PRIME MINISTER José Sócrates was relaxed and informal on April 25 as he chatted away with Portuguese citizens at his official residence of São Bento.
The Prime Minister said he was “satisfied” with the pace of change in Portugal and his government’s performance so far.
“Of course not everybody shares my opinion but it’s good to hear other points of view,” he told reporters as he strolled around the residence gardens and signed autographs.
José Sócrates happily posed for photographs with elderly pensioners and young children while the GNR band played rousing patriotic tunes in the mansion where António Oliveira Salazar lived for several decades.
The security presence was relaxed but omnipresent to control access of the large queue of people that had formed in Rua da Imprensa as far as Estrela, some carrying carnations, others carrying banners and placards protesting against public administration cuts.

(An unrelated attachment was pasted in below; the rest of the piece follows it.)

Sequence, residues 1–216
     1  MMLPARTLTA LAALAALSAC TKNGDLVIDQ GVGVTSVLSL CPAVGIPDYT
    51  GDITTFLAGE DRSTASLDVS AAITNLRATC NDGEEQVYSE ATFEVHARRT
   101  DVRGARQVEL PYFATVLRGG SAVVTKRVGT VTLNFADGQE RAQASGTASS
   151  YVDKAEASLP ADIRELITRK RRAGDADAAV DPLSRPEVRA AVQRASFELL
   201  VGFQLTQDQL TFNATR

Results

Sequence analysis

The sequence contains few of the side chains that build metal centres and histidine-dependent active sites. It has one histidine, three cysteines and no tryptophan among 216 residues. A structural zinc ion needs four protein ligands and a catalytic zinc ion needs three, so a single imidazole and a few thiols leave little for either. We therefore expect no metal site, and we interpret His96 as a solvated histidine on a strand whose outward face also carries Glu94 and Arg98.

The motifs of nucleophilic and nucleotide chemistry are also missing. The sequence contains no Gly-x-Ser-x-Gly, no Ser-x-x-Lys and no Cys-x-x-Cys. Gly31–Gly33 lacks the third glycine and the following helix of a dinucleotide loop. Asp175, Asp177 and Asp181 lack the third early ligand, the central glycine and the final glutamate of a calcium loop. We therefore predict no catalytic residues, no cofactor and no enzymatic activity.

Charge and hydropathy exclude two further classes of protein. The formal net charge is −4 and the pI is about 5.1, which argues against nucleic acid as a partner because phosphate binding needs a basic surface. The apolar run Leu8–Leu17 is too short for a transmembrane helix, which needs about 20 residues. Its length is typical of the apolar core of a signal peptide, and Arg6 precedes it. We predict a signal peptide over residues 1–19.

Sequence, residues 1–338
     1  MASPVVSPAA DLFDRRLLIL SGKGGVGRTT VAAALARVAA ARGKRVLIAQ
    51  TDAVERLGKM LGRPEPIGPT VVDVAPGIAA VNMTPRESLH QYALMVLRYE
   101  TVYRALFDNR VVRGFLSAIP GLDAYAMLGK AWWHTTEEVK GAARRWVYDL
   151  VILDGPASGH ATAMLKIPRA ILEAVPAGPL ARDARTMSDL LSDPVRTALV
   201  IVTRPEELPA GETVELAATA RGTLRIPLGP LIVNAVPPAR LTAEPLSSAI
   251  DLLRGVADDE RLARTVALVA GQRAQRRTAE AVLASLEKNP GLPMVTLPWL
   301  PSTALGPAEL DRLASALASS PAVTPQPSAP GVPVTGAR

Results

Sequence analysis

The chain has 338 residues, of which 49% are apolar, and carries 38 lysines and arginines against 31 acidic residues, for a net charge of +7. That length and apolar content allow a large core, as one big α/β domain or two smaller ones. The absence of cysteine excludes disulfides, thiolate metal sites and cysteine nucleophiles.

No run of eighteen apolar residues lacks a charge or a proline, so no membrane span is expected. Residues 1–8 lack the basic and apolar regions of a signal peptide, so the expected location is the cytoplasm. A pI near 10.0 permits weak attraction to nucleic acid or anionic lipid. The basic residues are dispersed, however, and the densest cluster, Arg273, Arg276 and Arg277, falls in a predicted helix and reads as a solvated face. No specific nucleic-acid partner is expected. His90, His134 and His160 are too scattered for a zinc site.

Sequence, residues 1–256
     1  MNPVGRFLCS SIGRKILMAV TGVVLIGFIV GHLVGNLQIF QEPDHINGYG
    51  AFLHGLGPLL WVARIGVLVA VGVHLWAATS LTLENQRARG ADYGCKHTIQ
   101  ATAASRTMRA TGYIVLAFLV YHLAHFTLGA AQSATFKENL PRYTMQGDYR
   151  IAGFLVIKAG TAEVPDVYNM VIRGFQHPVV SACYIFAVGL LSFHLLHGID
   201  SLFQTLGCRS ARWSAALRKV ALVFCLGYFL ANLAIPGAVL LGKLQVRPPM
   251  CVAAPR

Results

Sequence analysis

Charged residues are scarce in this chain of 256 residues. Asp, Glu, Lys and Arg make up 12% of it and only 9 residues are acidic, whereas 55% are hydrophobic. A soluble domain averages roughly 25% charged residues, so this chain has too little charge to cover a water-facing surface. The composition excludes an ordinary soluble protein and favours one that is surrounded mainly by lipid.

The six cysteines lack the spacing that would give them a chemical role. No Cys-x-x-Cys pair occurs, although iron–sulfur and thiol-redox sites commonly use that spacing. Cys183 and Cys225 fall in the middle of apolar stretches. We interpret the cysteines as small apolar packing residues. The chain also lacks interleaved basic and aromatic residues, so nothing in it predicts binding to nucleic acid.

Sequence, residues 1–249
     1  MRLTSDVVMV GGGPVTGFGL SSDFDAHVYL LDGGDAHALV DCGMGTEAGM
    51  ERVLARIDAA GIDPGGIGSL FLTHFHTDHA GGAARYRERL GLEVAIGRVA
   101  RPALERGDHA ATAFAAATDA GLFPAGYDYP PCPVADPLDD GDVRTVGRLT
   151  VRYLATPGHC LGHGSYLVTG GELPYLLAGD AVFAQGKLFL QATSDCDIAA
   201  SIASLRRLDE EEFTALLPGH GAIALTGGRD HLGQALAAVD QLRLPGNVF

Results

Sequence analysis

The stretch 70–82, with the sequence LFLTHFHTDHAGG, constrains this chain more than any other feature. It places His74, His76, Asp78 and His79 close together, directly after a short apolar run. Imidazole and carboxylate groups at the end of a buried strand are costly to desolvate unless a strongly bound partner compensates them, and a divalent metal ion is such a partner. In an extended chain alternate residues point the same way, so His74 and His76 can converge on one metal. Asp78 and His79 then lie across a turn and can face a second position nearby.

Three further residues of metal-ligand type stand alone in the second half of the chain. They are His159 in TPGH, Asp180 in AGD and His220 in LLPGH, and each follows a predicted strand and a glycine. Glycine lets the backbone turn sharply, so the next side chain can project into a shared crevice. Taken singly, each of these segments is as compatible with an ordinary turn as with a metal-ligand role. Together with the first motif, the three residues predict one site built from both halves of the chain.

April 25 is the only day in the yearly calendar when the official residence opens its doors to the general public, although the Prime Minister is said to occupy a penthouse suite in the Heron Buildings in Lisbon’s Rua Castilho.
The gardens and front driveway were bustling with clowns and other performing artists from the Chapitô Theatre Arts Company which was especially hired out to jolly along the afternoon.
The Prime Minister was quick to draw attention to his government’s green innovation in the mansion’s back gardens, a small wind turbine generator and some solar panels. “This is an ecological residence now and it’s something that all Portuguese citizens could do,” he said.
“Our democracy is stable and solid” was the only official comment he made to the press asking for reactions over both the President’s and military’s concerns over the state of democracy in Portugal 34 years on from the Carnation Revolution.
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